SAIC Break-in Stresses Intertwined Nature of Physical and IT Security

A break-in at a government contractor's offices has opened 45,000 former and current employees and stockholders up to identity theft.

In the break-in, which occurred at Science Applications International (SAIC), thieves grabbed SAIC computers that are believed to have contained personal data such as social security numbers.

The company, which experienced the break-in at one of its facilities on Jan. 25 in San Diego, saw the loss of information from numerous computers that were stolen. The computers included private data on stockholders according to an annoucement SAIC made on its website and released to its stock-holder community of the employee-owned company.

According to SAIC, "the stolen computers contained personal information of current and former stockholders, including name, social security number, address, telephone number and stockholder records, including shares bought, sold and held."

The break-in surprised many, especially since much of SAIC's work involved security consulting for the Department of Homeland Security and information security. In a Washington Post article, Iraq weapons inspector David Kay, who was one of the former executives at SAIC and a subsequent victim of the crime, asked why a company whose duties entailed national security would operate in a manner that simply allowed thieves to break windows and steal the company's computers.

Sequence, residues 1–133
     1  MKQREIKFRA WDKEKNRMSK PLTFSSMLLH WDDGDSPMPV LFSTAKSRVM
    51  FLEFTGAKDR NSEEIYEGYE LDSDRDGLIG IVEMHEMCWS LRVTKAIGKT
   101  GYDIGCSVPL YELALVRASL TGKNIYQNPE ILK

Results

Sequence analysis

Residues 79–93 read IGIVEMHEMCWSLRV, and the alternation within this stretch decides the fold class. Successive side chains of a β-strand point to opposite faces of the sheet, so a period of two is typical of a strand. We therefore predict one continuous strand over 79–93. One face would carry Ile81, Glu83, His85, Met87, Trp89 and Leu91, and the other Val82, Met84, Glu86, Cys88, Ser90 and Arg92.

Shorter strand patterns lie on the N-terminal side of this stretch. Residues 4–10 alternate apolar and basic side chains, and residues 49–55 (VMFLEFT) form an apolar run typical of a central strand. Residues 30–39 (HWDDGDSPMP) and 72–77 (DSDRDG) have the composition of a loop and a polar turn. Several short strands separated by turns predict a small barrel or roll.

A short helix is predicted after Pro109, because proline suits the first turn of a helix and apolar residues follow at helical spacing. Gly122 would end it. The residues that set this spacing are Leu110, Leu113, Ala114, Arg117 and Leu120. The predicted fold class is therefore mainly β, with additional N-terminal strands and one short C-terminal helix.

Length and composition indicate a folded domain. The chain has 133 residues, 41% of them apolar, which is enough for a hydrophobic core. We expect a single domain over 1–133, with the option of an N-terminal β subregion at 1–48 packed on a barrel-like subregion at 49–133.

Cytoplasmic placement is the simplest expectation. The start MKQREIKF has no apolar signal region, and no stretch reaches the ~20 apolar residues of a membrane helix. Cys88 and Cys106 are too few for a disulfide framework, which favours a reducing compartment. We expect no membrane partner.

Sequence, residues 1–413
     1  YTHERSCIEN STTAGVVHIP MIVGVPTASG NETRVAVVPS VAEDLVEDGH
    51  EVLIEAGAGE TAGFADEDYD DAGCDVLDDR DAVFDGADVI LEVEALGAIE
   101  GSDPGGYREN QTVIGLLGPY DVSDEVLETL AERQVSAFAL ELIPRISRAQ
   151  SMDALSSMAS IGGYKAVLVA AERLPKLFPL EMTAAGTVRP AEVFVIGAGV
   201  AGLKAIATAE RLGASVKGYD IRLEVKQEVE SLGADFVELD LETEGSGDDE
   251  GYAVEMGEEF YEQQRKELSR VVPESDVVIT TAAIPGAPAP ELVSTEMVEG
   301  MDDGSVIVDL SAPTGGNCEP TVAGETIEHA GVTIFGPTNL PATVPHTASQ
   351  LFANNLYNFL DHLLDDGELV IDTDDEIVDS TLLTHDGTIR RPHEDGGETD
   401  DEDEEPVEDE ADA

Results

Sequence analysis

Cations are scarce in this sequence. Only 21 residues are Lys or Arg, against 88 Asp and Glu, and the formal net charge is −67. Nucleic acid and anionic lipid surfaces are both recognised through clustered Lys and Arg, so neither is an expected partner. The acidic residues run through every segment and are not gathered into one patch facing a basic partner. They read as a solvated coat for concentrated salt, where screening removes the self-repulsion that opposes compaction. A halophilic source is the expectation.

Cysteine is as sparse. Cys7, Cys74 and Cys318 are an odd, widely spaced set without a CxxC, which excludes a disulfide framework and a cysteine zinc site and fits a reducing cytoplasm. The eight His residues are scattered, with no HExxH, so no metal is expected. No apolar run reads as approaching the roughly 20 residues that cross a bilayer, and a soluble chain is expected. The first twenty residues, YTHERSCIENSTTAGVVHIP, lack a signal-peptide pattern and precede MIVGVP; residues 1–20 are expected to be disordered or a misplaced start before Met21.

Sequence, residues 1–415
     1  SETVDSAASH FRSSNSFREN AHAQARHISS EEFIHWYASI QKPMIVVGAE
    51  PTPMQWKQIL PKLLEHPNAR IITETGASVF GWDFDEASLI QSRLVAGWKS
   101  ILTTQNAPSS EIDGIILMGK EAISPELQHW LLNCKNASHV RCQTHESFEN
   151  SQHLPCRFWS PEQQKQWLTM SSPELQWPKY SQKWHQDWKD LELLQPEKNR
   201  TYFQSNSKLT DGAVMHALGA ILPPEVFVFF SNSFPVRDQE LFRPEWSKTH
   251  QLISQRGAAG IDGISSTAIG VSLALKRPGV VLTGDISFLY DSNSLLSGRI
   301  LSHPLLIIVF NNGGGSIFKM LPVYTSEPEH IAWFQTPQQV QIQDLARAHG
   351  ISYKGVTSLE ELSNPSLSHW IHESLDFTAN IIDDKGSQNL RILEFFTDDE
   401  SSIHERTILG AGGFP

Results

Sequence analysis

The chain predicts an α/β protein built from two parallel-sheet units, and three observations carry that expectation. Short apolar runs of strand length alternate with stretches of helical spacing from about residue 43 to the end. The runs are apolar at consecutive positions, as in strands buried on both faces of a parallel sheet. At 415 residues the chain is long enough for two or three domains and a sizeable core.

This crime event, which occurred at a building that had surveillance cameras, reminds security directors that often the target of a physical break-in will be IT assets. SAIC has been busy since that break-in to reconstruct data and alert its stockholders -- many of whom hold government security clearances -- of the theft of their personal information. It is still not known whether the break-in was for the theft of data or a simple robbery of resalable hardware.

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